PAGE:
Sir Arthur Cotton Museum in Dowleswaram (beside barrage) is the only museum for Civil engineering in the state. The Museum houses several rare photographs of Sir Arthur Cotton and of the construction of the dam. The tools used to construct the dam are still preserved here. The Dowleswaram Barrage is an irrigation structure which is built on the lower stretch of the Godavari River before it empties into the Bay of Bengal.


Rajahmundry is a commercial hub for east and west Godavari districts. It is a well-known destination for cloth and bullion business. Cloth market in the city is one of the largest markets in India with many co-operative handloom houses. Rajahmundry is home for many cloth merchants.

Rajahmundry is one of the largest bullion markets in India which consists hundreds of gold, silver and platinum shops throughout the city. Important business locations are the Mahatma Gandhi Wholesale Cloth Market (MGC) complex, Thadithota), Mainroad (Fortgate) Market and Devi Chowk.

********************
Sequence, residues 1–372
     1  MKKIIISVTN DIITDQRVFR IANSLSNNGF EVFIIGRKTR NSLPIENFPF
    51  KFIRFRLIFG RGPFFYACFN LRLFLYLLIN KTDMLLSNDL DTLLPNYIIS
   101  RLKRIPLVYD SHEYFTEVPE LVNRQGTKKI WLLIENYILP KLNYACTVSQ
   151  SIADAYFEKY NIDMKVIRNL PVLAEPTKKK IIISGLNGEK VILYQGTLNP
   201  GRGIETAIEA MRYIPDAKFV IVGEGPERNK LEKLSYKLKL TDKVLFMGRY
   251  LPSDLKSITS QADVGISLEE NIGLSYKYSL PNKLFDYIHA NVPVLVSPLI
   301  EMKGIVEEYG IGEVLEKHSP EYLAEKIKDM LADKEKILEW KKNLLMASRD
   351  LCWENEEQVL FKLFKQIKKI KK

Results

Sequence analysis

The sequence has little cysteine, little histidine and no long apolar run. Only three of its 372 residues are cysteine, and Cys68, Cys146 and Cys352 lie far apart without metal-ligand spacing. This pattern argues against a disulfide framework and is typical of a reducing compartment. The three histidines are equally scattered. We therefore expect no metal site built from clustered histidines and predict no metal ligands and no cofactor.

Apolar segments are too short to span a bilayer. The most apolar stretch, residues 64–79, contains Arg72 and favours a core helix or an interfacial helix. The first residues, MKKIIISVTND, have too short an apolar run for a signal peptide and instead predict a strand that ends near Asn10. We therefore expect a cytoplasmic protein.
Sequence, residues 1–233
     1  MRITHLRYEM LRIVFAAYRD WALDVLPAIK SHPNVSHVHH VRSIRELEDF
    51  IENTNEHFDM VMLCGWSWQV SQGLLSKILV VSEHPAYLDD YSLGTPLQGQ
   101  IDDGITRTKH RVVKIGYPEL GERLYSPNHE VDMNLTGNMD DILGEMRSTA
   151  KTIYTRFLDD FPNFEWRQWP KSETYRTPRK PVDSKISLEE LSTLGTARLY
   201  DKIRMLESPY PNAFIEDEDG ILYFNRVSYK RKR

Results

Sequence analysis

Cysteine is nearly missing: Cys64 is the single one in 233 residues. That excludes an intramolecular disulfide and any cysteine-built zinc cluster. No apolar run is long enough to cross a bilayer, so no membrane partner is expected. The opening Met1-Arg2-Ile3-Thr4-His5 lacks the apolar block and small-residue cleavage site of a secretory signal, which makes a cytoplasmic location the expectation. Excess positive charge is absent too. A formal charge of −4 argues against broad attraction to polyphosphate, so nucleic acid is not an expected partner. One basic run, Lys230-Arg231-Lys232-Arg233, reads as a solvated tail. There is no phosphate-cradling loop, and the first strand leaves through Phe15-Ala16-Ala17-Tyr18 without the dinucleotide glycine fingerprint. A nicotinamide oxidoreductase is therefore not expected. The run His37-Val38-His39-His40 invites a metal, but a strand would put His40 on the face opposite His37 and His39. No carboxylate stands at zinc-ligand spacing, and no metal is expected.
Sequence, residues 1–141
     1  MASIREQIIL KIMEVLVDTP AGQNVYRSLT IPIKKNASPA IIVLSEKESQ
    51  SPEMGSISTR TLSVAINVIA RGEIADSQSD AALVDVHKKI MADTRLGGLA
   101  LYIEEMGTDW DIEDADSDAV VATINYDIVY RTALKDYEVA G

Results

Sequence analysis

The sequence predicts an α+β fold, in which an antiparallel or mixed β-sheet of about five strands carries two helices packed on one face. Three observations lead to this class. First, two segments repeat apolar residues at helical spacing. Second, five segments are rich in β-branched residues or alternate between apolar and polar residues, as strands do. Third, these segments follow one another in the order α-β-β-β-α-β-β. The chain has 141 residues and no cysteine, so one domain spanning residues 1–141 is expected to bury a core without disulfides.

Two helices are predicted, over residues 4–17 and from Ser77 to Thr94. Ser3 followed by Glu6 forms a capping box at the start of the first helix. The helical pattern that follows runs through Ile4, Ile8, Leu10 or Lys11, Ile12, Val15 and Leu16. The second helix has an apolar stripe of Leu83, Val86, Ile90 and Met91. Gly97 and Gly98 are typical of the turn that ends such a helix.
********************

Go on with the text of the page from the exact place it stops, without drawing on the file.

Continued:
Durga Cinetone was the first south Indian film studio, to be built in Rajahmundry in the year 1936 by Nidamarthi Surayya.[29]

Art and crafts

Damerla Rama Rao Art Gallery of the city has various paintings such as, Krishna Leela, Godavari of Eastern Ghats and Milkmaids of Kathiawar etc.[30]


The city plays a major role in education for the rural students of the nearby villages.The primary and secondary school education is imparted by government, aided and private schools, under the School Education Department of the state.[31] As per the school information report for the academic year 2015–16, the city limits (including the merged villages) have more than 54,143 students enrolled in over 228 schools.[32][33]

The Central Board of Secondary Education, Secondary School Certificate or the Indian Certificate of Secondary Education are the different types of syllabus followed by different schools. The medium of instruction followed by schools are English, Telugu and Urdu.

The Government Arts College, in Rajahmundry was founded more than 150 years ago and is a NAAC accredited (A) Institution. The institutes founded by the great reformer Kandukuri Veeresalingam Panthulu have now grown into large colleges and organisations. SKR Women's college is famous for its campus and teaching facilities. The BEd Training Institute is one of the oldest in India. St. Ann's (EM) School, APPM Model High School, Bala Vigjana Mandir (B.V.M.), Sri Satya Sai Gurukulam, etc. being among the better known schools.